Doctor of Philosophy (PhD)
The causes and implications of differences in geographic variation across species are generally poorly understood, but comparative studies have the potential to provide better understanding of what factors predispose species to undergo population divergence and whether population divergence has lasting evolutionary impacts. Here, I examined geographic variation in birds using molecular data from across the genome. I characterized genetic diversity, estimated population history, and tested for impacts of landscape history as well as ecological traits on genetic parameters. I found evidence that diverse historical processes have led to present-day genetic variation in Neotropical bird species, including divergence, population expansion, migration, and gene flow. Genetic diversity and historical processes differed across species, and some of these differences were associated with habitat. Birds of upland forest had greater genetic diversity, higher divergence between populations, and deeper population histories than birds of floodplain forest in the Amazon. This may result from higher dispersal in floodplain species, recent population expansion in or colonization of floodplain habitats, or persistent demographic differences between habitats. I also found that rates of population divergence within species predicted rates of speciation in their ancestral lineages. This result suggests that traits that predict population divergence within species, such as their habitat associations, will impact their diversification over long evolutionary timescales.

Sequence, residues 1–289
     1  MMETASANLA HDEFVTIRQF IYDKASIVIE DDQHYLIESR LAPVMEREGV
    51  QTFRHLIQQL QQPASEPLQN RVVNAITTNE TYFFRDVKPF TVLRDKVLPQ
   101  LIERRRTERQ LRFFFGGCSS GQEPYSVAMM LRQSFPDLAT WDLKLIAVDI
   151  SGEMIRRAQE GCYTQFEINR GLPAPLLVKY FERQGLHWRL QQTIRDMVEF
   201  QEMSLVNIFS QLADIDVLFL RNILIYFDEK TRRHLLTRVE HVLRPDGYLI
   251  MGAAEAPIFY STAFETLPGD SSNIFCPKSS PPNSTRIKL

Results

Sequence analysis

Document Availability at the Time of Submission
Release the entire work immediately for access worldwide.
Harvey, Michael Gaston, "Comparative Population Genomics of Neotropical Forest Birds" (2015). LSU Doctoral Dissertations. 1699.
Brumfield, Robb Thomas